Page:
Ladies like guys who are good with their hands.
"The biggest complaint I get from women is that when they are moving into a new place, they don't have anyone to hang their pictures," says Eli Ben- Shoshan, owner and founder of Boyfriend for Hire handyman services. And according to the guys he has working for him, the most swooning happens when his guys hang pictures or mirrors. "While some pictures need a tiny pin nail and others need butterfly sprockets to hold them firm, the reaction is always the same: You have to peel the girls off of you they're so happy."
Tip: To get whatever you're hanging level, measure the points where the nails or anchors will go from the ceiling rather than the floor. "The ceiling is always straight, and the floor is almost always crooked," says Ben-Shoshan.
"A man who can unclog a drain is dreamy," says Shoshana Berger, editor in chief of the do-it-yourself bible ReadyMade magazine. "Any man can pour drain cleaner down a drain. I like a man who can use a pair of tweezers and a screwdriver, deal with the gross-out factor, and get whatever is clogging the drain out of there as quickly as possible."
Tip: Don't bother buying liquid drain cleaner. The fumes can be corrosive and dangerous-and it's expensive (you're literally pouring money down the drain). Instead, try using boiling water or a mixture of baking soda and vinegar to dislodge the clog, followed with repeated use of a good-quality plunger.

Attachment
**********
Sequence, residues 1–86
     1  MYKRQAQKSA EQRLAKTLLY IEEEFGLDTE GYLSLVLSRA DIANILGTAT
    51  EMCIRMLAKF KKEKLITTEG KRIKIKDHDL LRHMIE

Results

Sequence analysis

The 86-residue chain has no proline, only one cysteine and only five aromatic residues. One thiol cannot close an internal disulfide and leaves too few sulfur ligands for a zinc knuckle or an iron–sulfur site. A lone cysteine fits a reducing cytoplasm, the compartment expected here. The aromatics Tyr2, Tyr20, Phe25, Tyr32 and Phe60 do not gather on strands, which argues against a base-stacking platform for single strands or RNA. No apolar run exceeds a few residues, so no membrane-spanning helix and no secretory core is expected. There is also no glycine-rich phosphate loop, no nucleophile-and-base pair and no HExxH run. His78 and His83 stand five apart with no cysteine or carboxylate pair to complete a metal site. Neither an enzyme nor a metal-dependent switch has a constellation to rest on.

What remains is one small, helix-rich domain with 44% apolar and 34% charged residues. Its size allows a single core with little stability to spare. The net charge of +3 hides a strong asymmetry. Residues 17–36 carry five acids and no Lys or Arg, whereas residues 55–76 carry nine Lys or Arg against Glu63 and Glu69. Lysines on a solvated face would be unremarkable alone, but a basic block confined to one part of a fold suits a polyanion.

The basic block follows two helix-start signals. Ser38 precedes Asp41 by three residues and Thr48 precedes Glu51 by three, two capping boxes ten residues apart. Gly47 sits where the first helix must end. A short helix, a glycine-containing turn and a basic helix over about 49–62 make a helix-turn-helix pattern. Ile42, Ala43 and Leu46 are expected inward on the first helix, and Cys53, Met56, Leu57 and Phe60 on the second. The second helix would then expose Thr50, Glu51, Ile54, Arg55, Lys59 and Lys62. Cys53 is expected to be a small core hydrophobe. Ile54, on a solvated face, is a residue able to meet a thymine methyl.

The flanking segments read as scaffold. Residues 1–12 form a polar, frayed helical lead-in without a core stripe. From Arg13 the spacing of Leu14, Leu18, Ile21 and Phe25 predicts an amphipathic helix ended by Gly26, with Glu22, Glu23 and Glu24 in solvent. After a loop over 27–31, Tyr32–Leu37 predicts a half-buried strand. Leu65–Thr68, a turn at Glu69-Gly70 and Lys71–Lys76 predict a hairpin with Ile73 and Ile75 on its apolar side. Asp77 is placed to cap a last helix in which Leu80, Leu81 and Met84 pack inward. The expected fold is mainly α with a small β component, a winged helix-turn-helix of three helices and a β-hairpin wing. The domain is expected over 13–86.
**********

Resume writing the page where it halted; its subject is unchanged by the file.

After shoes and handbags, the thing most women can't get enough of has to be furniture. If you're lucky, the woman in your life has plenty of money and can afford to have her custom-built furniture delivered and slid directly into place. But we're guessing you're not so lucky. That means toting giant boxes of need-to-assemble goods out of the store and into her pad-where the real work of cobbling the blasted things together actually begins.
Tip: As much as we'd like to tell you to just ignore the directions and go for it, that's the absolute worst thing you can do, says Clive Cashman, a spokesperson for the home retailer IKEA (where almost everything sold requires some form of assembly). His advice: "Hold back." The temptation is to immediately start putting the thing together. "Instead, pick up the directions, and take at least a couple of minutes to scan through them," Cashman says. "Then grab an egg carton and use it to sort and divide all the screws and pieces you'll use to assemble the furniture." Build it on a piece of the cardboard box, and, to spare your aching back, put the furniture together as close as possible to where it goes. Finally, stand the thing up while she oohs and ahhs.